Is Anybody Listening?
Wouldn’t the world would be a better place had some overrated artists never existed at all? And wouldn’t the world be a better place as well had some of our beloved, undervalued artists taken the place of the former?
Bands like: Supergrass
Supergrass were nothing if not consistent. Since 1995, the height of Britpop, the guys in Supergrass have put out a string of great and really great albums, yet they continue to go unheralded but by a few of us ubber-fans. The difference between Supergrass and, say, Oasis, during this time was their utter lack of pretension, superior musical skill and a total obliviousness to what was/is considered ‘cool’.
Their albums were all over the musical map. Shades of Madness, The Sex Pistols, Supertramp, The Stones/Beatles, Kinks, even The Band and Dylan, Big Star and The Monkees and even a hint of prog rock permeated their sound, sometimes all in one song. They didn’t bow to the alter of one particular genre and never gave a damn about trends. That wasn’t a very popular stance as far as the NME and Melody Maker was concerned, especially as a band in Britain during the mid 90’s. It was like they were unofficially blacklisted from the music press because of it.
By contrast Blur were trying to re-invent the serious character studies of Ray Davies and the Kinks, Oasis were all faux snarls and Beatle-barons, The Happy Mondays were now just football hooligans with heroin habits. But The ‘Grass were just plain fun, idly side stepping the trappings of fame with gusto and conviction. Case in point: Steven Spielberg famously offered the three boys the chance to star in their very own Monkees style TV show, reportedly for a boatload of cash, which they promptly declined.
They followed up the debut with one of the finest albums of the 90’s, the Zappa aping In It For The Money. I.I.F.T.M is a sprawling album that is comprised of a veritable cornucopia of genre exercises. You would think that an album this schizophrenic wouldn’t work, but it does. From the psychedelic title track to the adrenalin rush of Richard III and Sun Hit’s the Sky, to the introspective and beautiful Late In The Day, this album blows away that great English tradition of following up a great debut album with a sub par sophomore effort.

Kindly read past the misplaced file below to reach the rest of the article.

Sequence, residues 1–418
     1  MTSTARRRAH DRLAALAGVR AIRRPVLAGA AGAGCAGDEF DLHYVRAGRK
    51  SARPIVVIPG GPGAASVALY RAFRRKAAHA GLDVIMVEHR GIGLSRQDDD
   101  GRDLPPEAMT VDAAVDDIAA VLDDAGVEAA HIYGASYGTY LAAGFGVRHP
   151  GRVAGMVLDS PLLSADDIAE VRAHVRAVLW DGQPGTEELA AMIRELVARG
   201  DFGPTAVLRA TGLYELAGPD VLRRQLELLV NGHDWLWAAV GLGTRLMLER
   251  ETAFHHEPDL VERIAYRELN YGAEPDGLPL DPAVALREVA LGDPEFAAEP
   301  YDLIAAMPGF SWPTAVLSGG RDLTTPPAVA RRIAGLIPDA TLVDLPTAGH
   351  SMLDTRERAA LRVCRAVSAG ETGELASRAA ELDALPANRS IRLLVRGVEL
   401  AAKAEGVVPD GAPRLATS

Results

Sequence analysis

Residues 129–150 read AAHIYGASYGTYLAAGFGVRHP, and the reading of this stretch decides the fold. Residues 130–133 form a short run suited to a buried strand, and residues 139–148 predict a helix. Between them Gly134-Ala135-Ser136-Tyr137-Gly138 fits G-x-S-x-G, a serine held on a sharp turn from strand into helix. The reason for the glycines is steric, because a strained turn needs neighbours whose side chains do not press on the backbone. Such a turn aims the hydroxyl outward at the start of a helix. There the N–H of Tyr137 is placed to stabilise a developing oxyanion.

They stumbled slightly with 1999’s self titled long player, but it still contained some fine songs in Jesus Came From Outer Space and classic Pumpin’ On Your Stereo.
Life On Other Planets was a great album and one of my personal favorites, although by this time I think I was the only one listening. It’s a shame, ’cause LOOP is one helluva fine LP full of their patented power pop pleasures.
They followed with the subdued but effective and “punningly” titled Road To Rouen. It’s a slight but focused 35 minutes and it’s the bands most musically cohesive. Cohesive doesn’t necessarily mean it’s a great album, but it sure ain’t bad.
Diamond Hoo Ha Man, their last before calling it a day, sounds like a band running out of steam, and the newly initiated shouldn’t start here.
Supergrass were that rarest of mid-90’s British bands inasmuch as they released more than two decent albums, lasted longer than a decade, and don’t sound dated in the least.